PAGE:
Former Community Board district manager defends bogus pay-raises in court

Camera shy: Hammerman dodged cameras on his way out of the courtroom.
Brooklyn Paper
Share on TwitterTweet
Share on Facebook

Don’t miss our updates:

A former Gowanus community board manager testified in Brooklyn Supreme Court on June 11 that he believed he had permission to use his colleagues’ signatures to grant himself multiple pay-raises.

Craig Hammerman, the 27-year former district manager of Community Board 6, faces up to seven years behind bars after using the John Hancock of two former board chairmen in multiple letters to the city to secure salary bumps.

Hammerman took the stand before Supreme Court Justice Donald Leo to tell the jury that he had been authorized to use the signatures for community board business, as he did in four bogus letters to the city, between May 2015 and October 2017, which increased his salary from $105,180 to $121,931.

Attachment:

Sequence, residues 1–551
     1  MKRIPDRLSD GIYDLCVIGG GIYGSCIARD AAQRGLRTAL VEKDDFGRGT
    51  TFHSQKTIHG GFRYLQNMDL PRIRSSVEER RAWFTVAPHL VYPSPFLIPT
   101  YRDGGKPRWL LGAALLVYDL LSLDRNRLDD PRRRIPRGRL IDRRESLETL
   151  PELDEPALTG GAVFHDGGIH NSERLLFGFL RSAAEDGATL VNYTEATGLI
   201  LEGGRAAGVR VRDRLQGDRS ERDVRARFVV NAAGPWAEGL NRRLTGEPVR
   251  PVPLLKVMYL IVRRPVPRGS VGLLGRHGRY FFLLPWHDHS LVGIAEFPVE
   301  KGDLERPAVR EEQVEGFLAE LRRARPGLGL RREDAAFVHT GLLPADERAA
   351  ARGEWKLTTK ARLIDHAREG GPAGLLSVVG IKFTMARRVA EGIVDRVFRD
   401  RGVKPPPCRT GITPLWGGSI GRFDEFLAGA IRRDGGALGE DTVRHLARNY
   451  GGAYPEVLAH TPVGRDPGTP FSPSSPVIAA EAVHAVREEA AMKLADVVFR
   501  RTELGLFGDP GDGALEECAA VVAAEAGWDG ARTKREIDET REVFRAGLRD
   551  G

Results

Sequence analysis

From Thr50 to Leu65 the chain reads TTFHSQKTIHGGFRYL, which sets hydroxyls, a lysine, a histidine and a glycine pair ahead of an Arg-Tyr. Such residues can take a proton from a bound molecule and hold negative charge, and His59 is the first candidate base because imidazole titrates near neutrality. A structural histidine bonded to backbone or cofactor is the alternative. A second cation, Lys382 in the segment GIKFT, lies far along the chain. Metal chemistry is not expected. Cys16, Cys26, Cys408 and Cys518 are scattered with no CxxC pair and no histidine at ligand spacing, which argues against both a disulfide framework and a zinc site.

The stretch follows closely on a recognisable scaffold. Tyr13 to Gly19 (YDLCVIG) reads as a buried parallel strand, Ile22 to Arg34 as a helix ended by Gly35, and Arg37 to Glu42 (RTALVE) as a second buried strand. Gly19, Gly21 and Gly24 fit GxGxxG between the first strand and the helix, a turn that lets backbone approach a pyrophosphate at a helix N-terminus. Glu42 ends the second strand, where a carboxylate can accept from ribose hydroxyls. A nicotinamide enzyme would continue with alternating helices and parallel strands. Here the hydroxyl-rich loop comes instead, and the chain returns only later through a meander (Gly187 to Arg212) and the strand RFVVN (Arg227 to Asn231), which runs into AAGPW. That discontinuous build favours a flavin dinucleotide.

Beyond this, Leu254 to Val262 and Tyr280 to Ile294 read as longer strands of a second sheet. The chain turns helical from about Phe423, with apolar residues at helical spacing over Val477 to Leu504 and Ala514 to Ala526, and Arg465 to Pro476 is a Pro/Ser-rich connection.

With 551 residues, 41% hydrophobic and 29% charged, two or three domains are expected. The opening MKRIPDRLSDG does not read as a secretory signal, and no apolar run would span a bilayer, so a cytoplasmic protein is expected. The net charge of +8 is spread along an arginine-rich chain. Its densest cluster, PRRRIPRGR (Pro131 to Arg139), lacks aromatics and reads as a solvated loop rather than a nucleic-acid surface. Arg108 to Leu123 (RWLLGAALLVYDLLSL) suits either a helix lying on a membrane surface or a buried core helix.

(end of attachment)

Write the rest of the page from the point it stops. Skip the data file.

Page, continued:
“I believed I had the authority to act on my own,” Hammerman told the jury. “I didn’t think I had to ask.”

One of the letters was purportedly signed by former-Chairman Gary Reilly, who acknowledged to the jury on June 7 that he had given Hammerman a scan of his signature. He said he assumed that Hammerman would only use it for everyday business matters such as refilling office supplies or corresponding with liquor license applicants the board deals with on a regular basis.

“I thought it was implicit that it was for the sake of convenience,” Reilly told prosecuting attorney Adam Libove.